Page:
Making History: new journal will raise the level of debate on national identity, culture and the canon
By Blog Editor, IOE Digital, on 1 November 2018
Arthur Chapman, Hilary Cooper and Jon Nichol.
At a time of growing polarisation among politicians and the public, when people are increasingly entrenched in their views, and with nationalism on the rise – history is surely one of the most crucial subjects in the curriculum.
That is why a new journal launched this week by UCL IOE Press is so significant. With its online open-access publishing, the History Education Research Journal (HERJ) aims to fulfil an important civic function. History education is a hotly contested area of the curriculum – prone, for example, to highly polarised and embittered political battles over canons, personal and national identity, national history curricula and cultural transmission. Here politically HERJ has a major role internationally in establishing an informed discourse with politicians and policy makers who often have limited knowledge and understanding of history beyond its role in inculcating national identity, patriotic loyalty and nationalism, in ignorance of its crucial role in educating pupils to become questioning, informed and sceptical citizens of liberal democracies. HERJ’s educative mission is to raise the power and impact of public debates on history education by making high quality history education research findings and their policy, curricular and pedagogic implications freely, fully and publicly available.
HERJ – published twice a year – will build on the legacy of its precursor, the International Journal of Historical Learning, Teaching and Research (IJHTLR) a path-breaking enterprise since 2001.
As the journal’s editors, we are delighted to introduce the launch issue, HERJ 15.2, which reports cutting edge research and development in history education from around the world, including papers from Australia, the USA, Ghana, Canada, China, Malta and Switzerland. Good history teaching helps pupils confront their conceptions and misconceptions, and to think afresh about the way they see the world, so the subject must be far more than a parade of chronological facts. Articles by academics from Singapore and Germany, examine how children learn to think like historians, using primary sources and interpreting evidence.
Researchers from Nanyang Technological University in Singapore used an incident from the Cold War to engage students in developing ‘deeper awareness of the ways knowledge about the past is constructed, and the central role that historians play in that process’. This controversial incident, Operation Coldstore, is one about which most Singaporeans hold partisan views, so using historians’ methodology enables students to see how different interpretations can be drawn about the same event. The authors advocate more widespread teaching about historical controversy to enhance students’ understanding.
Primary children, too, can use historical methodology to help understand the nature of the discipline, say researchers from the Universities of Paderborn and Osnabruck in Germany. Children encounter history every day, and even young primary children are aware of the way ‘sources’ – for instance swords and shields found at a dig – tell us about the past. So schools should teach the methods of historical enquiry from the outset, they recommend.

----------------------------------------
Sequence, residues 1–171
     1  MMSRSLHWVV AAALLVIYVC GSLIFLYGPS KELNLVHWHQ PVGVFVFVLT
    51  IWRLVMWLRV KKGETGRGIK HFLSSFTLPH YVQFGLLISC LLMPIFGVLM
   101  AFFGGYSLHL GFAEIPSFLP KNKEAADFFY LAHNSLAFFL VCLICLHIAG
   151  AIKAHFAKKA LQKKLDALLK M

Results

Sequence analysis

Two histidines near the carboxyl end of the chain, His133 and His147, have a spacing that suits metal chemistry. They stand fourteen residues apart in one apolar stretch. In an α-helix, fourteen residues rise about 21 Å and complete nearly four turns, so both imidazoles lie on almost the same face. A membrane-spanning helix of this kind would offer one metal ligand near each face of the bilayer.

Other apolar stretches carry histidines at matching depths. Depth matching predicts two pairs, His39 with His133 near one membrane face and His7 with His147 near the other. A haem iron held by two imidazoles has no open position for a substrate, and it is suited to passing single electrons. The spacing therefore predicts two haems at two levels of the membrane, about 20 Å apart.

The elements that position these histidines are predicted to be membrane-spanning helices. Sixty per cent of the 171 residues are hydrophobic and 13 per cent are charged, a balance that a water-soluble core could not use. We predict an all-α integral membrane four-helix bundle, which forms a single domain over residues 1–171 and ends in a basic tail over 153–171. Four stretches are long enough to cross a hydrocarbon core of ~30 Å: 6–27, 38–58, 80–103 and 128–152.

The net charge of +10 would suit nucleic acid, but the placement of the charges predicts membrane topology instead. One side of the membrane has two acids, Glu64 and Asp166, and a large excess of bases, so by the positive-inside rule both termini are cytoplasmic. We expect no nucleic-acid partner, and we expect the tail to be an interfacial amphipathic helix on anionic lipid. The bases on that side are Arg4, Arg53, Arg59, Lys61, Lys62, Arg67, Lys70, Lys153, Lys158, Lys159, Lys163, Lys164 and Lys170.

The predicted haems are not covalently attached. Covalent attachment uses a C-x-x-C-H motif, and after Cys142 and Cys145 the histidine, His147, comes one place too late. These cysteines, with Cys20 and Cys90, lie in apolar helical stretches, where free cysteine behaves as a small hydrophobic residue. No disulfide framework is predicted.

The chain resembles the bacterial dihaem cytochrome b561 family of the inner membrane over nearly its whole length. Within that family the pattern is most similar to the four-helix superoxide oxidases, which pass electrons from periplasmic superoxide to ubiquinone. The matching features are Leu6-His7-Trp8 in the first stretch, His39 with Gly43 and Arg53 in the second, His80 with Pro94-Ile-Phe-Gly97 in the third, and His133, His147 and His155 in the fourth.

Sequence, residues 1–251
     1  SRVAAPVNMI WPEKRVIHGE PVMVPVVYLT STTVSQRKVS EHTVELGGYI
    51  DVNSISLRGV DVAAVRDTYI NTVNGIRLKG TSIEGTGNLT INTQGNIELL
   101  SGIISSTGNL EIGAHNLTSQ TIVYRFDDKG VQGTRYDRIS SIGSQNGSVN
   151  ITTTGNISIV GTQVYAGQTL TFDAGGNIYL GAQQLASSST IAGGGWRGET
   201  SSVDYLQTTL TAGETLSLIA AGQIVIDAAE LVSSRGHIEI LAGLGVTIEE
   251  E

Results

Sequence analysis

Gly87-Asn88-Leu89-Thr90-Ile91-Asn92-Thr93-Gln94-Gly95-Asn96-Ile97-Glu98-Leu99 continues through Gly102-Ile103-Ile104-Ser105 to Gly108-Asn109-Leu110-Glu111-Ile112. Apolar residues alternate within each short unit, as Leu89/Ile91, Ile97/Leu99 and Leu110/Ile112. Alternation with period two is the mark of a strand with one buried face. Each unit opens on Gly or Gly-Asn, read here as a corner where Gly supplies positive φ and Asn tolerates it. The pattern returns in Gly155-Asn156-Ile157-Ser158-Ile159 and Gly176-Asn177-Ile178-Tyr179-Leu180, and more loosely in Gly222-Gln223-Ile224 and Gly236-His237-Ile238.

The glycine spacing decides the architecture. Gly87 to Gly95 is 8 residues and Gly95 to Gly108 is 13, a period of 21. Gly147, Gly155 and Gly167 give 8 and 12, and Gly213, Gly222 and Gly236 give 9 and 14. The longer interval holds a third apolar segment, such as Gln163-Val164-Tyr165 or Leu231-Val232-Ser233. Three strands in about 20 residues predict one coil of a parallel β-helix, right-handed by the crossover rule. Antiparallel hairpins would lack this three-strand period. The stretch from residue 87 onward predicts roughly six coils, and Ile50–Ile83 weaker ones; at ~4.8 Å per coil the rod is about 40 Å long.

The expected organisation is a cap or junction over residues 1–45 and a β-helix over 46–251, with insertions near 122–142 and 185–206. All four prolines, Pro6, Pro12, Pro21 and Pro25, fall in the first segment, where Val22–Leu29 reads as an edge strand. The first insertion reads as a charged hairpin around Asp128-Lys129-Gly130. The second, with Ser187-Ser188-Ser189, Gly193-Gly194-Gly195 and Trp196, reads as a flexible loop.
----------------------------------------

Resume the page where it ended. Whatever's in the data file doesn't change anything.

National identity, and how it is built and challenged, forms a theme of several articles. These include: The history canon project as politics of identity: Renationalizing history education in Denmark; History and citizenship: Does the reformed Greek Cypriot primary history curriculum include myths and legends that represent the ‘other’?; and how to ensure heritage education is inclusive from Spain and Portugal.
HERJ is launched partnership with the Historical Association (HA) and the History Education International Research Network (HEIRNET). As an international, open-access, peer-reviewed journal HERJ focuses on the global significance and impact of history education. It covers all aspects of history education theory, scholarship and research in its own and related fields. Overall, HERJ aims to illuminate contemporary and controversial history educational issues, concerns, policies and practice, drawing upon its eclectic research methodologies.
The link between academics and the worlds of policy makers, curriculum developers, assessment bodies, teachers, parents and children is crucial. HERJ is interested in articles and reports on innovative, creative and exciting practitioner, case-study and action research involving both teachers and academics. Contributions are also welcome on large-scale research or research and development projects aimed to improve history educational policy, curricula, their implementation, and, crucially, pedagogy – the history teacher’s craft. For information about how to submit papers, visit HERJ’s page at the UCL IOE Press website.
HERJ 16.1 will focus on history education research in Germany and Austria, providing a fascinating insight into extensive, well established, rich and rigorous research on history education that is largely unknown in Anglophone countries and communities. The HERJ editorial team hope this will be the start of a mutually enriching and rewarding dialogue between the German and English-speaking history education communities.
Photo: detail of mural depicting Crusaders battling Saracens, Clermont Ferrand Cathedral, France, by Holly Hayes via Creative Commons